A ‘notebook’ full of reasons to avoid this Sparks adaptation

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A ‘notebook’ full of reasons to avoid this Sparks adaptation

Courtesy of Relativity Media

Courtesy of Relativity Media

Courtesy of Relativity Media

Julianne Hough and Josh Duhamel spark little more than frustration in this Sparks-inspired film.

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Looking for a bad experience to share with your significant other? Well, look no further than “Safe Haven.” Directed by  Lasse Halstrom, “Safe Haven” is about as well made as any other movie based on a Nicholas Sparks book. So, uh, not very good at all.

“Safe Haven” is the sort of film that obviously feels pleased with itself. It is very clear that all those present during the making of this time sink felt good about themselves. They thought they were making a cool, smart film, but, in reality, this may just be the sappiest, dumbest film of the year.

Julianne Hough plays Katie, a young girl on the run from a past that is desperately seeking to catch up with her. She settles down in Southport, N.C. where she meets Alex, played by Josh Duhamel, the town widower.

Save for some totally out of left field twists near the end, “Safe Haven” is one of those boring movies that you can call about five minutes after it starts.

If you are a fan of nuanced acting, keep looking, because you won’t find any here. Duhamel does well enough with what he is given, but that’s a lot like saying a grill chef does well enough with a bowl of crackers. No matter how you prepare the crackers, at the end of the day, they are still crackers.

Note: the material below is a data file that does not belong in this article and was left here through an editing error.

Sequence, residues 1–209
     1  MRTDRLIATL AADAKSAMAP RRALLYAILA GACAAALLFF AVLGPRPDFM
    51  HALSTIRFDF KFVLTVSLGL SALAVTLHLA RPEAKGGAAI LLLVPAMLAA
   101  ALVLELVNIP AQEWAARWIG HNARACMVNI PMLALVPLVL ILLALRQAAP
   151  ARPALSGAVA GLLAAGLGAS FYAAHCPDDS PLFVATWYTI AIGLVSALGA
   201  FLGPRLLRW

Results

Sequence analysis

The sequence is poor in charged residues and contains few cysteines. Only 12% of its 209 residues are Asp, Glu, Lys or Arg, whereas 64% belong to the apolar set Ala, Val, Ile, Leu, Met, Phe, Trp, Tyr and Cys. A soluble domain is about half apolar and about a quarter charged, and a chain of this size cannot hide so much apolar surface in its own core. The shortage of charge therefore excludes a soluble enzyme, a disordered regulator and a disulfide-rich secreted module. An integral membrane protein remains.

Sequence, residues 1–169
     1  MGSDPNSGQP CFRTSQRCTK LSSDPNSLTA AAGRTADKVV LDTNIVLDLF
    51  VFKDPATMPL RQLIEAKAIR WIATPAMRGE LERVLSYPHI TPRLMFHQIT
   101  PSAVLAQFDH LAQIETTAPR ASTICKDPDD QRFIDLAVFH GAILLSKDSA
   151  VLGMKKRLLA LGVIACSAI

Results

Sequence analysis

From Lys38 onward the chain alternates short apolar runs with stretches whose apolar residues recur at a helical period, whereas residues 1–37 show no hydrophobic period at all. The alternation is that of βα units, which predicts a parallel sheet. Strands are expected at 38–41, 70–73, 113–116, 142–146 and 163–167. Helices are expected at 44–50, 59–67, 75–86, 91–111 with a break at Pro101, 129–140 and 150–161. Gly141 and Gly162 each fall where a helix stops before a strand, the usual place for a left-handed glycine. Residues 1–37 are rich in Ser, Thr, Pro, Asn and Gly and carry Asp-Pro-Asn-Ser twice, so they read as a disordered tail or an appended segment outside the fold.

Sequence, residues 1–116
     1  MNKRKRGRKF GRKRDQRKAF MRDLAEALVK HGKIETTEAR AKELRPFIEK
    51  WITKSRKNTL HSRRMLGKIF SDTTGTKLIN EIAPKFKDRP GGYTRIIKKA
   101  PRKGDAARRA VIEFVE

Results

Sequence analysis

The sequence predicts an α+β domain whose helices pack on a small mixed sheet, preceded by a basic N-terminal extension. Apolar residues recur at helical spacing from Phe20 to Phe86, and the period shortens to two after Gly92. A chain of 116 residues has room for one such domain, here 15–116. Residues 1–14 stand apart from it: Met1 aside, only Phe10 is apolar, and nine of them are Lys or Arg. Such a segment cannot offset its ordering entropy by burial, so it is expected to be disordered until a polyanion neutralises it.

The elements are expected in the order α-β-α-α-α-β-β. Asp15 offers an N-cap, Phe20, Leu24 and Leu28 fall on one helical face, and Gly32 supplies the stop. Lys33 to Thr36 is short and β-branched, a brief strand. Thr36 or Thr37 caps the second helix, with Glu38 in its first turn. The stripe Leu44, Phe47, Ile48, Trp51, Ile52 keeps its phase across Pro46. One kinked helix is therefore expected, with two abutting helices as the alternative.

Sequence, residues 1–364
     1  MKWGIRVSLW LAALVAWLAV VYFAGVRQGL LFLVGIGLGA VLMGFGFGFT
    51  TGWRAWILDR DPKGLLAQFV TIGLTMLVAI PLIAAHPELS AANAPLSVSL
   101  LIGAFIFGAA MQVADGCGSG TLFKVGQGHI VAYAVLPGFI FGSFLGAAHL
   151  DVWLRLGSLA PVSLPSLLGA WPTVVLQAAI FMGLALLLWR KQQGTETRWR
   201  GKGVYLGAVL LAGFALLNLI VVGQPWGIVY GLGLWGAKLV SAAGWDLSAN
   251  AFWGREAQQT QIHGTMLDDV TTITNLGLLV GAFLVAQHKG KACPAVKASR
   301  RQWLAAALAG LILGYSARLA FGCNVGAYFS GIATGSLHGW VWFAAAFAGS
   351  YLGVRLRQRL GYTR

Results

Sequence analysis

Hough is interesting in that she is so bad that she makes an otherwise bland role stand out. I guess, congratulations are in order. Somebody should tell her that this is not a LifeTime movie, but then again, it might as well be for all the cheap melodramatic excitement it tries to dish out.

I have never been so close to walking out of a film at so many different intervals, but “Safe Haven” is that trying on your nerves.

The film’s writers, Gage Lansky and Dana Stevens, did not so much write the script as they borrowed scenes from other Nicholas Sparks projects and welded them together in some sort of unholy film abomination.

With a bit of jiggering, this could have been an underdeveloped horror film. Get this: the film’s heroine lives alone in a cabin in the woods. At the film’s beginning, she sleeps in her cabin with the windows open.

If only some crazed knife wielding psycho had come in and ended this thing early, but of course there can be no happy endings.